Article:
Energy & Mining

Success in the Palm Of Your Hand

Diversification in Palm Oil Sector

2017 marks the 100th year of commercial planting of oil palm in Malaysia. Palm has played a major role in Malaysia’s economic growth in the last few decades and the […]

2017 marks the 100th year of commercial planting of oil palm in Malaysia. Palm has played a major role in Malaysia’s economic growth in the last few decades and the country is now the second-largest producer of palm oil in the world. However, as the industry continues to grow, its future success hinges on the diversification of the sector. Malaysia has slowly but surely sought to enact a strategic shift in the palm industry towards moving further downstream and adding greater value to the palm oil it produces. The Southeast Asian nation has yet to realize the full potential of its palm oil industry. Figures have shown that the output of downstream production in Malaysia is up to 50% more lucrative per unit compared to outputs from the upstream sector. Approximately 68.6% of Malaysia’s palm oil exports in 2015 comprised crude palm oil and processed oil. However, the export revenues of the upstream and downstream segments vary significantly. The annual export values of crude palm oil and processed oil were MYR12 billion and MYR28.2 billion, respectively, while the downstream sector brought in earnings of MYR14.9 billion for exports of oleo-chemicals and MYR1.7 billion for exports of finished products, this despite only comprising 30.1% of total palm oil exports. In addition, greater activities in the local downstream sector will only increase demand for crude palm oil, benefiting the industry as a whole. A robust downstream sector and diversified products will also help the sector and the country weather volatilities in palm oil prices. Average prices of crude palm oil dropped 9.6% YoY in 2015 as a result of a fall in demand and higher production.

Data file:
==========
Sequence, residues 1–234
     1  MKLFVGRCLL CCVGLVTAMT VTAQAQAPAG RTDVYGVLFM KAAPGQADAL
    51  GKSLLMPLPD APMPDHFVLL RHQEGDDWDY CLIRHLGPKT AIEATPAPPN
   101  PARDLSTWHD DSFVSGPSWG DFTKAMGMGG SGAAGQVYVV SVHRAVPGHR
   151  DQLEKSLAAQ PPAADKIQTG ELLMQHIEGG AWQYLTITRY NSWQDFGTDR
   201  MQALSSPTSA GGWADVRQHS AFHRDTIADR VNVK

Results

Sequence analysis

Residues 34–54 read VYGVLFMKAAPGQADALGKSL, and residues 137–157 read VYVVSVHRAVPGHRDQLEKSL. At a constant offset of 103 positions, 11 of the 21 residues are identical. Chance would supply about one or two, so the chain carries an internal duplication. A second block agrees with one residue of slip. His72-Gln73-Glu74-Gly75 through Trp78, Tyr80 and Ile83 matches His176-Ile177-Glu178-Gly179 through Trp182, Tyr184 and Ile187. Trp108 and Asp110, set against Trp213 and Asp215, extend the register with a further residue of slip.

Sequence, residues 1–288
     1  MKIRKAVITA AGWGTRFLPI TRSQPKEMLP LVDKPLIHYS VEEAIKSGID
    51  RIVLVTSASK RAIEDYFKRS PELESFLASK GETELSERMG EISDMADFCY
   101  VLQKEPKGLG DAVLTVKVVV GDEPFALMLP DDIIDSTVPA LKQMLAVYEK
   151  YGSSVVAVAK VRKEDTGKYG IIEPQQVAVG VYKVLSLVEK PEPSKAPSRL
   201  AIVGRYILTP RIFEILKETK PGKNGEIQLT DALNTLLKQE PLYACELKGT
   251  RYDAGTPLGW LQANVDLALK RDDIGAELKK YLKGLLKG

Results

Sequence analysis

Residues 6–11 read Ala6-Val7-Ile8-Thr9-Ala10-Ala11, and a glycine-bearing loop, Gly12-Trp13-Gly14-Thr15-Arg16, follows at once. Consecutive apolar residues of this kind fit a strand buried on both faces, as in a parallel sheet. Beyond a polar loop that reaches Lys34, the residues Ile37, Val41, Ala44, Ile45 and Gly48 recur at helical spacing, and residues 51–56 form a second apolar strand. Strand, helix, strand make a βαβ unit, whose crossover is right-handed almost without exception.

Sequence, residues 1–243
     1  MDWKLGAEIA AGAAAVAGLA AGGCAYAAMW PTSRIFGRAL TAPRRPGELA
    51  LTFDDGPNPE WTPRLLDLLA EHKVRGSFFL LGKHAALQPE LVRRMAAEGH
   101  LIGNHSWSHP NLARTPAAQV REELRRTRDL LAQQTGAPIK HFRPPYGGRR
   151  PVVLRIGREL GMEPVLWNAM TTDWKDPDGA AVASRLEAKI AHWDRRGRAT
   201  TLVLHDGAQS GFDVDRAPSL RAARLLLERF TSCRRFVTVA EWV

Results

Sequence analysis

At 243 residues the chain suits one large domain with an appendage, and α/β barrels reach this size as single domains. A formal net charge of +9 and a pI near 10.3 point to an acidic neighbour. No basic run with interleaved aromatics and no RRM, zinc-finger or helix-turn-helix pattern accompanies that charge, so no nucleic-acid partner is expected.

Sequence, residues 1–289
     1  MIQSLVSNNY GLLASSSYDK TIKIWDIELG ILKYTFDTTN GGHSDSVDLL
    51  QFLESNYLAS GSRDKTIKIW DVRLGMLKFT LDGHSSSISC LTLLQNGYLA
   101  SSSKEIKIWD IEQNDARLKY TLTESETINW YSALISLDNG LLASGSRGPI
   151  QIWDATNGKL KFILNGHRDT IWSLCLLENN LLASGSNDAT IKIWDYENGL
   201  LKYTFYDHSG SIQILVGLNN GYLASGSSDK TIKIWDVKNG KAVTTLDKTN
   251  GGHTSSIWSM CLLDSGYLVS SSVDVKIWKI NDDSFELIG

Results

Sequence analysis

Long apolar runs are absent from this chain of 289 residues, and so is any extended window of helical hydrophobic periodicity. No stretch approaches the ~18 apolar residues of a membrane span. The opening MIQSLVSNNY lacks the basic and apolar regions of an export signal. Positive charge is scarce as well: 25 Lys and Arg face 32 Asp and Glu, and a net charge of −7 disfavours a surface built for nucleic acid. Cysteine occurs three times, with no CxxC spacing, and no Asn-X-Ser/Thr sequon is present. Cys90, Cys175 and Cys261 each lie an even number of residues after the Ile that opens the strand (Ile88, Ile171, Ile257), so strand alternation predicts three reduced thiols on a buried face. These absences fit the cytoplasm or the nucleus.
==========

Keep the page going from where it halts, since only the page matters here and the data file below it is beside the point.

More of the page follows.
Plantation Industries and Commodities Minister Datuk Seri Mah Siew Keong announced in October 2016 the government would set aside MYR280 million in grants in its Eleventh Malaysia Plan to boost the downstream palm industry and support the manufacturing of food and health products, chemicals, and other derivatives in Malaysia based on palm oil. Of this figure, MYR100 million was set aside for the manufacturing of high-value palm oleo derivatives or chemical products, MYR100 million for food and health products, MYR30 million for clinical trials, and MYR50 million specifically for SMEs. Dedicated grants for SME are a recent addition and there was no such dedicated category in the Tenth Malaysia Plan. In the earlier Tenth Malaysia Plan, MYR416 million in grants was set aside for similar downstream projects in palm oil.

The government has taken the lead in developing a national strategy to identify opportunities in the sector and maximize the value of every ton of palm oil that it produces. One such project involves the massive amount of waste generated in the production of palm oil. Malaysia produces more than 20 million tons of crude palm oil annually, which results in over 100 million tons of solid biomass. Datuk Mark Rozario, CEO of Agensi Inovasi Malaysia (AIM), explaining the government’s strategy to TBY, said, “Typically, palm oil biomass is thrown back into fields as fertilizer or is burnt for fuel—both do not give high returns. We seek to diversify the downstream here and explore creating biofuels, biochemical, and bioplastics.“ One AIM project in Sabah seeks to turn palm kernel cake, one of the biomasses left after crushing palm shells, into bioethanol and high protein animal feed. In another such initiative, a group of companies involving Airbus, the Malaysia Industry-Government Group for High Technology (MIGHT), Universiti Putra Malaysia (UPM), the French Agricultural Research Centre for International Development, and Biotech Corp have established a Center of Excellence in Malaysia to assess local solutions for sustainable biomass production. Palm oil derivatives are found in various items from household goods and food and nutritional health supplements to oleochemicals, pharmaceuticals, cosmetics, and biodiesel and there are seemingly endless opportunities for companies to enter the more lucrative segments in this area.

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